- Facilitate commercialization. Facilitate the creation and application of new markets and sustainable business models to improve economic opportunity and generate income for rural communities, as well as to strengthen the economy more broadly. A core pillar of the FSFW / ATI strategy will be to strengthen and support alternate agricultural value chains. This activity will take place through multiple methods, including deep collaboration and local policy analysis with identified partners; conferences, seminars, and capacity-building sessions on a range of issues including but not limited to Special Economic Zones; economic diversification strategies across sectors including tobacco; CoE platform for testing new technologies; facilitation of investment capital and business case development; facilitation of off-take agreements; and creation of an inclusive supply chain based on an integrated smallholder / commercial model.
- Strengthen policy. Create an enabling environment for these new livelihood and business strategies through targeted policy and resilience-building action at all levels of scale. Underlying most of the priority areas of investment will be an element of policy analysis and government capacity building. This is particularly true relating to market and value-chain development, education, and technology innovation.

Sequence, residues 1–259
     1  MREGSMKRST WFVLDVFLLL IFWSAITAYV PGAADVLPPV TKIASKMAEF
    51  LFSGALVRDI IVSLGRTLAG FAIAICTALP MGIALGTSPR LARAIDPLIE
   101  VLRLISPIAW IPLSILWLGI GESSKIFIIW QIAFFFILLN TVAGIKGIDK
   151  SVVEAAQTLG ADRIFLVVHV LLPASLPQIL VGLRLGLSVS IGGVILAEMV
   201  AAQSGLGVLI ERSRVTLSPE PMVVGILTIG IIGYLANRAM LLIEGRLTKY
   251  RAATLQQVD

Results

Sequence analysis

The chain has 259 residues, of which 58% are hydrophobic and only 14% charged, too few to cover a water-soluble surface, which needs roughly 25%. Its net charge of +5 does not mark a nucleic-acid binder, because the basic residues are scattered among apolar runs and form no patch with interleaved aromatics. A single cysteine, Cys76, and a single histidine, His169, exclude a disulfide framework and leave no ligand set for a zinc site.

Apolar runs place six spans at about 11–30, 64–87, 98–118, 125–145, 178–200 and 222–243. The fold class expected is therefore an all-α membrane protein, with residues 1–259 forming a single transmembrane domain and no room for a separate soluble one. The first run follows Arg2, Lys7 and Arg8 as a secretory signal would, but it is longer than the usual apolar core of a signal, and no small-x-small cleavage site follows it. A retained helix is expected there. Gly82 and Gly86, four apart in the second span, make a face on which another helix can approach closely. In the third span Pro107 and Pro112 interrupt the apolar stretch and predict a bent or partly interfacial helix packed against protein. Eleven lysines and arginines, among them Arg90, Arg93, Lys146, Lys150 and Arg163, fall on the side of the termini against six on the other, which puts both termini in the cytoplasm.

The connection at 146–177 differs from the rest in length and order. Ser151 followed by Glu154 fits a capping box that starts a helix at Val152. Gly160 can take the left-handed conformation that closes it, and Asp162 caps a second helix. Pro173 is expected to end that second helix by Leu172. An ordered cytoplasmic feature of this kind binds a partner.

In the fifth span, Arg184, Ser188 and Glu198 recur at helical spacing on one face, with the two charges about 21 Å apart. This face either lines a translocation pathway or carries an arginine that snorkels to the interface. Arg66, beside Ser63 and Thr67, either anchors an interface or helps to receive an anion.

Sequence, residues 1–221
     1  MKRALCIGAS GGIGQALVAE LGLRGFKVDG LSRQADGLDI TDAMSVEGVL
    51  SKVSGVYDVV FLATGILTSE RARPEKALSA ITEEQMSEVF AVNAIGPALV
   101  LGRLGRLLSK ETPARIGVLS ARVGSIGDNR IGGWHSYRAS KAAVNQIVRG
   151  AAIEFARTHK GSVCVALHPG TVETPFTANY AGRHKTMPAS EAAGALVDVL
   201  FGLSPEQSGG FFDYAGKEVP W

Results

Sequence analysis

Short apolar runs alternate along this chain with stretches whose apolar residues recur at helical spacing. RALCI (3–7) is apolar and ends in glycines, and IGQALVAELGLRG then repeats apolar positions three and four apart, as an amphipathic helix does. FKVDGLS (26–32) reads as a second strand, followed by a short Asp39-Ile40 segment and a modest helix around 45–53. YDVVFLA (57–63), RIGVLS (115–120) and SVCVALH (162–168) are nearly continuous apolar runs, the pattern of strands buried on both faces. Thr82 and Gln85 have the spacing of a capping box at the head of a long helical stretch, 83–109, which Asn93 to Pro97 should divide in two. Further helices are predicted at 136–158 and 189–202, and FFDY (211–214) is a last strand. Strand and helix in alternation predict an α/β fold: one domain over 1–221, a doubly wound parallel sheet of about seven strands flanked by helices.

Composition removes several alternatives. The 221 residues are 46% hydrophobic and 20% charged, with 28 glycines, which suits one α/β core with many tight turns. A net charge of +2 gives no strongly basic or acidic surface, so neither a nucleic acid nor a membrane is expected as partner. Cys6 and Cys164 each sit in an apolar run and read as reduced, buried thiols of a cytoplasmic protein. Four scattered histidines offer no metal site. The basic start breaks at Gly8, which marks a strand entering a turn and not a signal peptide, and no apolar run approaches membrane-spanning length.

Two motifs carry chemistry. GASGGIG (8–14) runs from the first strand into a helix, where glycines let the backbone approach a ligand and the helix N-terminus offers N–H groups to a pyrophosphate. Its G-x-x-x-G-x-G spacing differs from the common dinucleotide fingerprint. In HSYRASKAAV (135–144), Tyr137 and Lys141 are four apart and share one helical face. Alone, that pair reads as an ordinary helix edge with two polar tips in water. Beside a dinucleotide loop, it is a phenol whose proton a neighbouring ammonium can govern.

Remembering the Farmer
The ATI’s initiatives will be valuable only if the benefits trickle down to the individual farmer, impacting individual incomes, assets and consumption, and food security. In attempting to facilitate improved livelihood opportunities for these poor and undernourished populations, the ATI has a responsibility to be mindful of potential impacts on nutritional outcomes, as well as to purposefully incorporate a nutrition agenda into its work wherever possible. Contributing to increased nutritional levels will be a key outcome for FSFW / ATI.
Nutrition is a cornerstone of human health and economic productivity. The current global burden of malnutrition is immense, and smallholder farmers in Africa bear a disproportionate share of this burden. Alleviating the multiple burdens of malnutrition currently facing the world will have far-reaching benefits in almost every dimension of society. From an economic perspective, a well-nourished population translates directly into lower health care costs and more productive citizens. In fact, cost-benefit analyses make the case quite clear: it is estimated that investing in nutrition yields a return of $16 for every $1 spent.1
At the global level, Sustainable Development Goal 2 (end hunger, achieve food security and improved nutrition, and promote sustainable agriculture) sets the high-level goal for the ATI’s agenda, with particular emphasis on Target 2.3, double the agricultural productivity and incomes of small-scale food producers; and target 2.4, sustainable food production systems and resilient agricultural practices.2